The organs of the right hypochondrial region include the liver, gall bladder, kidney, small intestine and large intestine. Some of these organs, such as the kidney and intestines, are only partially located within this region.
The liver occupies the most space in the right hypochondrial region. It has many functions, including the detoxification of blood, storage of vitamins and control of the production and storage of cholesterol. The liver can carry out these functions even when 75 percent of it has been damaged or destroyed.
The liver also produces bile, which is stored in the gall bladder. Bile is released into the duodenum to aid in the breakdown and absorption of fats.Learn More
Pulmonary venules connect the pulmonary capillaries to the pulmonary veins. Venules range from 7 to 50 micrometers in diameter. These venules surround the alveolus of the lungs and serve as carriers of oxygen-rich blood.Full Answer >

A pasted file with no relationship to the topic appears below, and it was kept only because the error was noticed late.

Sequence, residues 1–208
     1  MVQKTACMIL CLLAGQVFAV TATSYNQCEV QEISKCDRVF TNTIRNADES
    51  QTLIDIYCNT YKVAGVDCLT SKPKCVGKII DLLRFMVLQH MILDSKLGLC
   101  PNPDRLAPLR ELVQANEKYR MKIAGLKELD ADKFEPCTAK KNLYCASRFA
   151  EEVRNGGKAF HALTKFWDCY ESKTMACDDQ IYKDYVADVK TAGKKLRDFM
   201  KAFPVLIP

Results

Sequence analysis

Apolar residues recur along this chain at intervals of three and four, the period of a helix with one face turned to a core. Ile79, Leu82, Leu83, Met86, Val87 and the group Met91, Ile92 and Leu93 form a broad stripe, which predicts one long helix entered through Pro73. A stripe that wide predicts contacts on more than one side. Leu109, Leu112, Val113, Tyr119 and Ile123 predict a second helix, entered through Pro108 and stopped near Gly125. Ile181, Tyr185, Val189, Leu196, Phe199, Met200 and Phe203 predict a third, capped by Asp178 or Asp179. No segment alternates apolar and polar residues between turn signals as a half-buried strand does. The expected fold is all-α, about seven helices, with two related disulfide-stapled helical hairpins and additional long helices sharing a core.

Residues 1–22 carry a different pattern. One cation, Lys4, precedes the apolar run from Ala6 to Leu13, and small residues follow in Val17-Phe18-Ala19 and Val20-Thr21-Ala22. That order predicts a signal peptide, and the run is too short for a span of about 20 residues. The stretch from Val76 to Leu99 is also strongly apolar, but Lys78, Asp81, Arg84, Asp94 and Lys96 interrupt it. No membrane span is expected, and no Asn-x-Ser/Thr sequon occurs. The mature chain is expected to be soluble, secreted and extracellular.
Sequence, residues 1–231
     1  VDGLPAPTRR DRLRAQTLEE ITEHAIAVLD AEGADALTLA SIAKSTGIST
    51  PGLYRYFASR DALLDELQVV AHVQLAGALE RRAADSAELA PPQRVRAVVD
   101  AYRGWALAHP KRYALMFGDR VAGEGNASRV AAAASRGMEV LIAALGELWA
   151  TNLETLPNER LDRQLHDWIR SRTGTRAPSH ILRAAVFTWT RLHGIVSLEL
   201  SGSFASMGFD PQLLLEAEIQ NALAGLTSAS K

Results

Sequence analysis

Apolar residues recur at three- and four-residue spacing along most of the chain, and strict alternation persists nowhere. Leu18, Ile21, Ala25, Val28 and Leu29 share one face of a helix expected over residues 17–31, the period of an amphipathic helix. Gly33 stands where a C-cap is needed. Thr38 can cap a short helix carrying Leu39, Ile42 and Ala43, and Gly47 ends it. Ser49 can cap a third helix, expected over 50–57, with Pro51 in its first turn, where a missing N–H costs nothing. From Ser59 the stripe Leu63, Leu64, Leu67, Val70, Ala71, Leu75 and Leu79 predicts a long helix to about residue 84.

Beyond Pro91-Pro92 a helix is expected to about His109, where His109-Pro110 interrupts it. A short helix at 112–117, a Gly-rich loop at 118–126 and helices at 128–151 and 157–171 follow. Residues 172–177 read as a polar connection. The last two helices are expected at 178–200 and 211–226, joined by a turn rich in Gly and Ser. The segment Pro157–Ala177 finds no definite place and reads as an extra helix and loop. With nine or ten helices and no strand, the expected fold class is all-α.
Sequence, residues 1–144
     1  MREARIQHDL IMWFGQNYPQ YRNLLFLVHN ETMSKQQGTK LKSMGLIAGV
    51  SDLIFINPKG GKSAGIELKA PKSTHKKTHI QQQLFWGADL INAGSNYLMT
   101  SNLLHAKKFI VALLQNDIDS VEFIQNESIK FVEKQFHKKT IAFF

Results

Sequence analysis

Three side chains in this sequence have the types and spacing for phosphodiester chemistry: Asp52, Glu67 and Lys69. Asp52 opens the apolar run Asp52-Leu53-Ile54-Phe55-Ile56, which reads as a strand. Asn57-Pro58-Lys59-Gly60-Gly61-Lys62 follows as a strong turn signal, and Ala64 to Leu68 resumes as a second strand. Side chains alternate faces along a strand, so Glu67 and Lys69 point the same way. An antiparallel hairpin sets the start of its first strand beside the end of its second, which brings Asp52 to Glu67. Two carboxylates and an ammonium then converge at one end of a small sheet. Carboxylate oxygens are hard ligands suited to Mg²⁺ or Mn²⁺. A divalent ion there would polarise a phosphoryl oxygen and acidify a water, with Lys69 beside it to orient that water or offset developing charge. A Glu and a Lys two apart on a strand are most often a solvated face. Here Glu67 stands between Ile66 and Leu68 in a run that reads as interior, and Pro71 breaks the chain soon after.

The human stomach is located inside your chest cavity, near the bottom of the rib cage. Most of the stomach's bulk is located to the left of the body's midline.Full Answer >
Gas exchange in the lungs allows oxygen to diffuse through the small air sacks or alveoli at the end of one's bronchial tubes into the blood, and it allows carbon dioxide to move from the blood into the alveoli to allow the individual to expel the waste. Fresh oxygen comes into the lungs when one inhales and is removed upon exhaling, according to WebMD.Full Answer >
When a person inhales, the diaphragm contracts and allows air to fill up the lungs. From the air inhaled, oxygen is absorbed through the epithelium of the lungs and exchanged with carbon dioxide. Exhalation requires no effort; the diaphragm relaxes and forces carbon-dioxide-rich air to leave.Full Answer >